Transferability and reproducibility in electron-density studies – bond-topological and atomic properties of tripeptides of the type l-alanyl-X-l-alanine
International Union of Crystallography, 2009
Acta Crystallographica Section B
Volume 65, Issue 4, pages 488–501, August 2009
How to Cite
Grabowsky, S., Kalinowski, R., Weber, M., Förster, D., Paulmann, C. and Luger, P. (2009), Transferability and reproducibility in electron-density studies – bond-topological and atomic properties of tripeptides of the type l-alanyl-X-l-alanine. Acta Crystallographica Section B, 65: 488–501. doi: 10.1107/S0108768109016966
- electron-density determinations;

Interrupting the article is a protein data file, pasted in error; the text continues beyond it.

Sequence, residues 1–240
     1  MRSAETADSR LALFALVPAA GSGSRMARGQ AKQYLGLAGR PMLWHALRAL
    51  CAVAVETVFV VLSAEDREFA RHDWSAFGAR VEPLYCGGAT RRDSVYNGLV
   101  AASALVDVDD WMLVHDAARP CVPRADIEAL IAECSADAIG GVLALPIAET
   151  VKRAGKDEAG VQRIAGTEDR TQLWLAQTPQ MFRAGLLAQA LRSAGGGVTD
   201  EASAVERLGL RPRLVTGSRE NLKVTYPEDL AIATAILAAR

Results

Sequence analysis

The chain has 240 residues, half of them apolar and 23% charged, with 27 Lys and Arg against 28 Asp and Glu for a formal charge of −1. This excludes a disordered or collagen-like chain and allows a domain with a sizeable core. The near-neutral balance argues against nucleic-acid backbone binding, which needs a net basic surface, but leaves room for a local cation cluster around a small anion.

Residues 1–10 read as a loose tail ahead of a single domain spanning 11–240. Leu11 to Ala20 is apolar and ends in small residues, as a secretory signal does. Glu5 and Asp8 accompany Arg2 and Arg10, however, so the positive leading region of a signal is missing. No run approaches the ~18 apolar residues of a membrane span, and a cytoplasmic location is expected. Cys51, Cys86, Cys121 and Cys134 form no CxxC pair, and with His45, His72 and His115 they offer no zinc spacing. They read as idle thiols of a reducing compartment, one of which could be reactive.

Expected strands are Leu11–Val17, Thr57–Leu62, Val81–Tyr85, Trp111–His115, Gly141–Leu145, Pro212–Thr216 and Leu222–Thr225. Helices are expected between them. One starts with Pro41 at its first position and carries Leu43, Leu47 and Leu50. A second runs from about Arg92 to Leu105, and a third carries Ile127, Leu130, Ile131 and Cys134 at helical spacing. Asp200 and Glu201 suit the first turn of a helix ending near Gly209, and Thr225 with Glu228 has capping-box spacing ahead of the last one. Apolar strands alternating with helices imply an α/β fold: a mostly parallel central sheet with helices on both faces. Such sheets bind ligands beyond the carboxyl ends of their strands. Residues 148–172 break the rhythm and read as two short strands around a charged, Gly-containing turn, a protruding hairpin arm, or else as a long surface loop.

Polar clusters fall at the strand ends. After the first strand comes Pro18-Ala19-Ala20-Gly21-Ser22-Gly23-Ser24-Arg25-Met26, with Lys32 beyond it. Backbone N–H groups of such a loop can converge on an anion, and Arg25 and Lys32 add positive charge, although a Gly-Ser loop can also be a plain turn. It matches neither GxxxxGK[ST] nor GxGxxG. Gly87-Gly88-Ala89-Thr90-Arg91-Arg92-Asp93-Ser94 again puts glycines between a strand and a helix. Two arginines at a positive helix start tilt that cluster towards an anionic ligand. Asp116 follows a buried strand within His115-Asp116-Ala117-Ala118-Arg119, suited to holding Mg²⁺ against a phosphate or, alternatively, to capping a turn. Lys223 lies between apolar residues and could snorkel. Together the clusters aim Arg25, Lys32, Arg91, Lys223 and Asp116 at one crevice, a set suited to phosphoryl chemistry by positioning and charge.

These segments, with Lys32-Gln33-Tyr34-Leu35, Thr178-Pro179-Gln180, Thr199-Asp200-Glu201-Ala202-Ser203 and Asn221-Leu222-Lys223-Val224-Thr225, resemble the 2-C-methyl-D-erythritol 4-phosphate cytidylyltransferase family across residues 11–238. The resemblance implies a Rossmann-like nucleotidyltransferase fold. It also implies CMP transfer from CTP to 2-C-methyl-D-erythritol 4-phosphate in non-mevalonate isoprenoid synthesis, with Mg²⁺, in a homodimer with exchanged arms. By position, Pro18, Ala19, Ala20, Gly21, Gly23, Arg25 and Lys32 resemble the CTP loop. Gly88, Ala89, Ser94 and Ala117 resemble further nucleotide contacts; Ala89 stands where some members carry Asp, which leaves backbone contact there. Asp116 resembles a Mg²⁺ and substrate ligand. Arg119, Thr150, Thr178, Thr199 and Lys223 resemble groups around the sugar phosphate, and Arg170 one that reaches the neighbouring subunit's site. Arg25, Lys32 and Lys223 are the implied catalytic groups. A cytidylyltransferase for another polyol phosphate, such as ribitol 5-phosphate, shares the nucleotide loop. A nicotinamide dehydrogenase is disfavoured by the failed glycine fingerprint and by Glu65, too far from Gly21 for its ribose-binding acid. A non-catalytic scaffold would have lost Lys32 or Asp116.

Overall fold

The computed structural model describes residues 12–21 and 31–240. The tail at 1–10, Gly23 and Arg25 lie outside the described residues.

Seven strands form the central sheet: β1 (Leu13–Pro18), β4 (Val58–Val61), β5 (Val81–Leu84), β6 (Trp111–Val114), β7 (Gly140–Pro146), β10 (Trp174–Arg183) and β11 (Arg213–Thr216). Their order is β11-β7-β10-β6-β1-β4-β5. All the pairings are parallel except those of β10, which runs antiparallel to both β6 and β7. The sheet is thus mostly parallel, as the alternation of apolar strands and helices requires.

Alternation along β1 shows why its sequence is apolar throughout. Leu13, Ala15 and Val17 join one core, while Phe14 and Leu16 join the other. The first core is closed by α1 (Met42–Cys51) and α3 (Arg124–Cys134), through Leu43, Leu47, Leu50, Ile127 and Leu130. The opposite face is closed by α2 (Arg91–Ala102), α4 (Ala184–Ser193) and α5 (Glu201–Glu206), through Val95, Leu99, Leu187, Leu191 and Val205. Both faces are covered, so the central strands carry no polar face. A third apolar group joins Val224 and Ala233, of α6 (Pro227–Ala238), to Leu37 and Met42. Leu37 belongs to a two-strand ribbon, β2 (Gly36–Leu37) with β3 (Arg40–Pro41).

In the last decade three different data bank approaches have been developed that are intended to make electron-density examinations of large biologically important molecules possible. They rely on Bader's concept of transferability of submolecular fragments with retention of their electronic properties. Therefore, elaborate studies on the quantification of transferability in experiment and theory are still very important. Tripeptides of the type l-alanyl-X-l-alanine (X being any of the 20 naturally encoded amino acids) serve as a model case between amino acids and proteins. The two experimental electron-density determinations (l-alanyl-l-histidinyl-l-alanine and l-alanyl-l-phenylalanyl-l-alanine, highly resolved synchrotron X-ray diffraction data sets) performed in this study and theoretical calculations on all 20 different l-alanyl-X-l-alanine molecules contribute to a better estimation of transferability in the peptide case. As a measure of reproducibility and transferability, standard deviations from averaging over bond-topological and atomic properties of atoms or bonds that are considered equal in their chemical environments were calculated. This way, transferability and reproducibility indices were introduced. It can be shown that experimental transferability indices generally slightly exceed experimental reproducibility indices and that these larger deviations can be attributed to chemical effects such as changes in the geometry (bond lengths and angles), the polarization pattern and the neighboring sphere due to crystal packing. These effects can partly be separated from each other and quantified with the help of gas-phase calculations at optimized and experimental geometries. Thus, the degree of transferability can be quantified in very narrow limits taking into account experimental errors and chemical effects.